The towers are concrete structures clad in Belgian brick – dark red for the 16-storey one and dark grey for the 20-storey one. They are hexagonal partly (one assumes) to distinguish them from the rectilinear 1960s council tower blocks north of the canal, partly because of the planning efficiencies (especially the cores) that the geometry allows, partly to sidestep some tricky utility mains and partly so as to allow more south light through to the mid-rise blocks behind.
When I say they are clad in brick, they are very thoroughly clad, the brick skin wrapping round the balconies above and below and flowing into arched vaults in the foyers. This is demanding brickwork – stack-bonded in a way that requires invisible supporting stainless-steelwork, and in places invisibly changing from full-depth bricks to brick slips – the foyer vaults being an example – where the slips are mechanically fixed to a supporting armature and so act more like tilework.
Originally this was all intended to be done in large prefabricated sections but the winning contractor preferred to hand-lay the brickwork. It’s reassuring to know that it was done by the same firm that delivered Herzog & de Meuron’s perforated-brick Tate Modern extension, but given that the mortar is coloured to match the brick, so giving a monolithic appearance, you wonder if ordinary stretcher bond wouldn’t have been perfectly fine here. The slightly uneven texture provided by the hand-laying is, however, a bonus.
The other immediately apparent quirk is the shallow mound that defines the pedestrian area between the two blocks. Intended by landscape architect Vogt to fulfil the role of a threshold and to respond to raised areas in Shoreditch Park opposite, the paving here is granite setts that flow from the outside into the foyers of the two blocks. Ambitiously, the taller of the two towers (the dark grey one) straddles one edge of this mound, which thus fades away in its foyer. Fine, except that the glazed foyer cladding frames and interior floor heating channels then have to somehow surmount the upward curve, which is awkwardly achieved. Given that the foyer space in this block is also earmarked for a community café, one waits with interest to find out how tables and chairs and servery will cope with the swelling floor.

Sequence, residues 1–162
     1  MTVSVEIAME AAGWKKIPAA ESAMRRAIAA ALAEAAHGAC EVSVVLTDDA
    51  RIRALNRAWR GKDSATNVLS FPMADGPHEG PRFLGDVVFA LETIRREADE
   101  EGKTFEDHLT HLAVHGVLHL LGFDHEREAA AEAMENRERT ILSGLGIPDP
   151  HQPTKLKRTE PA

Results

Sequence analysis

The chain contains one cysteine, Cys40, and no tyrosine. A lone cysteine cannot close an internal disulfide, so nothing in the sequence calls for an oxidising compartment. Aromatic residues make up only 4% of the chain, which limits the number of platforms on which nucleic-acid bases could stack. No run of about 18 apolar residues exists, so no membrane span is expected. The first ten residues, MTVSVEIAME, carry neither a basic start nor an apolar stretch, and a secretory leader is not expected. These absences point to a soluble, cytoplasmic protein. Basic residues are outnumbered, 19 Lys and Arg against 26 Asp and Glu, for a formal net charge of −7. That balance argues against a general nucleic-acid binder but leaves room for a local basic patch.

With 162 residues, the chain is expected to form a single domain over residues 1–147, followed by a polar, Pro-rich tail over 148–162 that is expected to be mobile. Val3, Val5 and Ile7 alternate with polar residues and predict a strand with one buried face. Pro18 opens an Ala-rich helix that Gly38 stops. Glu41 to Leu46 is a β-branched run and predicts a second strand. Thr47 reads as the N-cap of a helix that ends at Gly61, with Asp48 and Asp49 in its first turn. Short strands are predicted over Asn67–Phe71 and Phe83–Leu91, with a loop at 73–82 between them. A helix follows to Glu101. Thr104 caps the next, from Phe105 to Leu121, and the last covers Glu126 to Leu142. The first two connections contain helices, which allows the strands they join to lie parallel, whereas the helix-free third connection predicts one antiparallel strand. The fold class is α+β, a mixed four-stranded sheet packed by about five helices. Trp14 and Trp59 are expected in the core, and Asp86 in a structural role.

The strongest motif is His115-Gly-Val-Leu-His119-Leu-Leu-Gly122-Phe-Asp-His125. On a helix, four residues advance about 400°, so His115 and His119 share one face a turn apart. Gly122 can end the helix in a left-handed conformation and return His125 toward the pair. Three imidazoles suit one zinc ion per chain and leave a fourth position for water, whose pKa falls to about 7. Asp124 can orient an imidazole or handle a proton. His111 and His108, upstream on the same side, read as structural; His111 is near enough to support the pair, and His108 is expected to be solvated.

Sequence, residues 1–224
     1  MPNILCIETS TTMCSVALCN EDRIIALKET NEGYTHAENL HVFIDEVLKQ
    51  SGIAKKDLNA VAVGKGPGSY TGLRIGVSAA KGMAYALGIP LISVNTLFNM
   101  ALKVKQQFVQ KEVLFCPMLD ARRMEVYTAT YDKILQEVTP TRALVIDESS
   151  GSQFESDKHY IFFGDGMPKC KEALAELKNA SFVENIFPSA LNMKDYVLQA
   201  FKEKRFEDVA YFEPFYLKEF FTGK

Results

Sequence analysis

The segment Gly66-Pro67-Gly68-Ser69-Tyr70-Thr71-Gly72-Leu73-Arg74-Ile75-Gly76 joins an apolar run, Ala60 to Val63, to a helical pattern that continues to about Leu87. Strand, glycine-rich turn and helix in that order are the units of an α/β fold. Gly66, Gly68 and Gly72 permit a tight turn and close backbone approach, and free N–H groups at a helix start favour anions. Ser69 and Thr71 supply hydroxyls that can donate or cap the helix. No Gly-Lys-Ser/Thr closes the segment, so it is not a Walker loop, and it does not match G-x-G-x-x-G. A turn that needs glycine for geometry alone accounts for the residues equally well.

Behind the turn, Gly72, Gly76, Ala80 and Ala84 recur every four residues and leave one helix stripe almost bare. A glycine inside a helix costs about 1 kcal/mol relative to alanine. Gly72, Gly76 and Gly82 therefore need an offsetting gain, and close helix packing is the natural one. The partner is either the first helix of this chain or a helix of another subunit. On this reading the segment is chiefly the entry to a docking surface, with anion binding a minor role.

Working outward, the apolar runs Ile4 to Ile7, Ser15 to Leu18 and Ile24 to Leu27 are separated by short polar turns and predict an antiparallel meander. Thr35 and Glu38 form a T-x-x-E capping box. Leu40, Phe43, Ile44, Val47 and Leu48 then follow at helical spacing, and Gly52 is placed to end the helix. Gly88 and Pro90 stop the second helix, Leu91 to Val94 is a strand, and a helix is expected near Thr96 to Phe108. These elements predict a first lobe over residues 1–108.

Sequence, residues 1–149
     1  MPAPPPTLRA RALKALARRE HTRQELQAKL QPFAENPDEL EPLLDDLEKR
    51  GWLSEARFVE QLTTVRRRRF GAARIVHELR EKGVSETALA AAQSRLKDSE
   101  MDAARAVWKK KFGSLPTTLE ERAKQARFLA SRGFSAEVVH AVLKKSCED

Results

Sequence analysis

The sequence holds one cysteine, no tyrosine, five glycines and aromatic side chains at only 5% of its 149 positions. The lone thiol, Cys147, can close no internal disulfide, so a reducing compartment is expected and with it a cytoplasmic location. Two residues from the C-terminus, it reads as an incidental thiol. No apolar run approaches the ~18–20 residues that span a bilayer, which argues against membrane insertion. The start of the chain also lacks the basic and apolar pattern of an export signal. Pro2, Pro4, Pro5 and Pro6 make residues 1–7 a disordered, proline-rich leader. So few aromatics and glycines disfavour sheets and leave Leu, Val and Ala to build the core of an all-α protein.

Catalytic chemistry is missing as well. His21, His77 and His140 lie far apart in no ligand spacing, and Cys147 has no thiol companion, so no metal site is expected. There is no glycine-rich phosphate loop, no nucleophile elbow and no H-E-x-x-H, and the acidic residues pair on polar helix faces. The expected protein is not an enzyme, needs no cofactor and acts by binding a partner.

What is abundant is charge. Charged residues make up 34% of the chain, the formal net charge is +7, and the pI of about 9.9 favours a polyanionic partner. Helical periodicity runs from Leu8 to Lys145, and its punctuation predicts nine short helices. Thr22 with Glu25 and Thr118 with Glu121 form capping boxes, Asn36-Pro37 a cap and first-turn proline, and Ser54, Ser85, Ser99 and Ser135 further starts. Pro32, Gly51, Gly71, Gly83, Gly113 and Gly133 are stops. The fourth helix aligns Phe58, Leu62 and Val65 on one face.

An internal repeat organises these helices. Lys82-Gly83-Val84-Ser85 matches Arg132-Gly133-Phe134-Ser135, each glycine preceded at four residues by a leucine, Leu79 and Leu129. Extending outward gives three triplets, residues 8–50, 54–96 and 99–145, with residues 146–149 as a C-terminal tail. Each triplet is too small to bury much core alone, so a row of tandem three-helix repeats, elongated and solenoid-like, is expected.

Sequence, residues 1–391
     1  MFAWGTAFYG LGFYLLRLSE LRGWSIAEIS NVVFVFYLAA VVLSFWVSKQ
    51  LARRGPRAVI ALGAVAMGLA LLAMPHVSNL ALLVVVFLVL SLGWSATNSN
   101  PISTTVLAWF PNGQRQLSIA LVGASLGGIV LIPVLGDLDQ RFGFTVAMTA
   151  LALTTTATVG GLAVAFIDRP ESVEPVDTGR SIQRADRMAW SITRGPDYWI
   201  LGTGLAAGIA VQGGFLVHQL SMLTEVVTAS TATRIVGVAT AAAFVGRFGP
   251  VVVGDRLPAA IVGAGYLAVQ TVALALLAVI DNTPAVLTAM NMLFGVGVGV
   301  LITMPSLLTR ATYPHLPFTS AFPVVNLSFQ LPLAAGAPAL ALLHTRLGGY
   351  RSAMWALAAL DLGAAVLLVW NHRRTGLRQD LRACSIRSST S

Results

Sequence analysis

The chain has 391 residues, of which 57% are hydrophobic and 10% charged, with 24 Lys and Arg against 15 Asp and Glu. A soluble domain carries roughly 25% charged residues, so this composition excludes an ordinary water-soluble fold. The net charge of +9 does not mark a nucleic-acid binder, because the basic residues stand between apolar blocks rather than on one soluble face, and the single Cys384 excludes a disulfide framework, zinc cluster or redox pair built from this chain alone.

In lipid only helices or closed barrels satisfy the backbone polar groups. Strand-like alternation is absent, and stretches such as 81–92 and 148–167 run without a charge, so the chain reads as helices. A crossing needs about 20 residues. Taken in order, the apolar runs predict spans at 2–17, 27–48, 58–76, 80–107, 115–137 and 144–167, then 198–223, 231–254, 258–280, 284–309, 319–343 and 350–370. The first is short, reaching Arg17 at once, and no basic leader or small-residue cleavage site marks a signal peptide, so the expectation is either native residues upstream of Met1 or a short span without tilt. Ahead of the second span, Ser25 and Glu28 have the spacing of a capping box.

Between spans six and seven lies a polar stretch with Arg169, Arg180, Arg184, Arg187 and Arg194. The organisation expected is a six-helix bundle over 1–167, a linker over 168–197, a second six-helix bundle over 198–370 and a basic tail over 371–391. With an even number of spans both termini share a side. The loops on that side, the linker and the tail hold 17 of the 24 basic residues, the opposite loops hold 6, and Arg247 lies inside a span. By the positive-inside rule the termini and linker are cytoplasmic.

The landscaped mound has almost mystical associations for English social housing projects, a subject thoroughly explored by FAT and Crimson architectural historians in ‘A Clockwork Jerusalem’ at the British Pavilion in the 2014 Venice Biennale. Here it is slightly unsettling but mostly successful, like a huge traffic-calming measure for pedestrians and cyclists. Making the Colville Estate permeable rather than hermetic is one of the aims of the Karakusevic masterplan.